ROXANA: You know, I always joke, I say not all dads would say, ‘Sure, let me jump into my fourth startup with my daughter after being pretty comfortable in retirement’ – I don't know many dads that would. But he didn't hesitate. He jumped right in. And I actually think that has a lot to do with the fact that 1), he believed in pistachios, 2) of course, he believed in me, and 3) he saw me launch a social media agency back in 2011 when those did not exist. And he said, ‘I don't know that this is the right move, Roxana. I think that you should go get your MBA. I don't think social media is going to be a lasting thing the way that you think that it is.’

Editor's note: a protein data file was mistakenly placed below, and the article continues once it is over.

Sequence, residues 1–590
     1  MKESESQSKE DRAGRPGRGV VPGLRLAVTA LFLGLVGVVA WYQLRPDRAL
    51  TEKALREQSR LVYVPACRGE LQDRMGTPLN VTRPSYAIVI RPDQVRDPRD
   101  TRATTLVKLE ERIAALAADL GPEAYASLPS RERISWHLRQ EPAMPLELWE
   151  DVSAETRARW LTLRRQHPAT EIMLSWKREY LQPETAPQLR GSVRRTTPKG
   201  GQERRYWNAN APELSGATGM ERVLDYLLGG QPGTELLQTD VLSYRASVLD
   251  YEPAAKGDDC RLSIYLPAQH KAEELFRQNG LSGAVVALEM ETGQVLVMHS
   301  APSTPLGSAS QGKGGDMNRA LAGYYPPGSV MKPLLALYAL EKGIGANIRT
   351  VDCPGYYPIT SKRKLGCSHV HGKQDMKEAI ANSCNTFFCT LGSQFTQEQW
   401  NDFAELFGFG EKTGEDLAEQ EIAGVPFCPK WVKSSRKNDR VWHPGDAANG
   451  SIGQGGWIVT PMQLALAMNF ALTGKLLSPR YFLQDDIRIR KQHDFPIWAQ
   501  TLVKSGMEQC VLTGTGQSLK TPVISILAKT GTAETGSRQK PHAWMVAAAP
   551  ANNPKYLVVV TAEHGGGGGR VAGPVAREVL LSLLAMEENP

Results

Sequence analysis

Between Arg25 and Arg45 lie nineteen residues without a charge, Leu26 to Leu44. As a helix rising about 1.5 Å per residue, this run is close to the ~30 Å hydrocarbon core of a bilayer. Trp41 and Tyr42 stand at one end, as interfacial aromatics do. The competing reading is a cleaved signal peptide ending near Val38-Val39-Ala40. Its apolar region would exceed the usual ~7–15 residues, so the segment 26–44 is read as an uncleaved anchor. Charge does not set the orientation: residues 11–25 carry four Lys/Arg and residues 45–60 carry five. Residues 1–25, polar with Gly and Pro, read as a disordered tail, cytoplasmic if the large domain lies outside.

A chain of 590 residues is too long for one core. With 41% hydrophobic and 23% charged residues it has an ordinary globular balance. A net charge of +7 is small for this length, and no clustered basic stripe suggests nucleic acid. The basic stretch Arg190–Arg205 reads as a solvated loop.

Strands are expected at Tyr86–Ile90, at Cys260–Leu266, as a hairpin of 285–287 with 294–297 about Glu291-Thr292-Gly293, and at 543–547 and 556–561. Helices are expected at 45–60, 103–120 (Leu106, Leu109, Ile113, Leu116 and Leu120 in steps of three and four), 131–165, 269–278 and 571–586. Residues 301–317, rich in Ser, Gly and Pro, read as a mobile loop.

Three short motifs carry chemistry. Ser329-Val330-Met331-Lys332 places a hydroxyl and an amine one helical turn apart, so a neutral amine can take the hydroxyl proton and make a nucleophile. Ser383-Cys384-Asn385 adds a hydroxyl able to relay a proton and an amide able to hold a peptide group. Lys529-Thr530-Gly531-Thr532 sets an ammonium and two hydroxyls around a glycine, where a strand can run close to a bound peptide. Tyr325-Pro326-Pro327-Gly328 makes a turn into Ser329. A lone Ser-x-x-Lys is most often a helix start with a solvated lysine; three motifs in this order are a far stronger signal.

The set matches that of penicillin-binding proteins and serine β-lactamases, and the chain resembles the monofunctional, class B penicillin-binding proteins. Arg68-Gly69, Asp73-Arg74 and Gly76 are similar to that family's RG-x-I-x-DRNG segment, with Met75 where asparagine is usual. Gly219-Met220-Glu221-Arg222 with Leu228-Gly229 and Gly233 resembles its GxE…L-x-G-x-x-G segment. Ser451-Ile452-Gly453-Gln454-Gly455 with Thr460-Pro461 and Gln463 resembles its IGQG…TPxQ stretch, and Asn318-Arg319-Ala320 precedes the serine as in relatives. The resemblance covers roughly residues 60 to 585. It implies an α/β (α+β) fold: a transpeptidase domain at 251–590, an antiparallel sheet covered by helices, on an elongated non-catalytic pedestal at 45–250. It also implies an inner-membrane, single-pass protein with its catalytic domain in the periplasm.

DANIEL: Famous last words!
ROXANA: Yeah, exactly. So I think it was a combination of those three factors.
DANIEL: That's great. So, what was step one? You had an inkling that this could be big. What then did you do? Did you fly over to Iran and look for a pistachio farm? Or California? Where did you go?
ROXANA: What we did was we sourced pistachios from all over the world, actually. So Turkey's a big one, Sicily is a big one, Spain, California is a huge exporter of pistachios. So we sourced pistachios from everywhere because I wanted to have a side-by-side comparison of all pistachios and see in the formulation process – which we hired a formulation team specifically; they only do beverages – to do formulation work on all different types of pistachios.
DANIEL: When you say ‘source’, do you mean you called up a farm literally and said, ‘Hey, I want to order 50 kilos of pistachios? Could you send it to my home address?’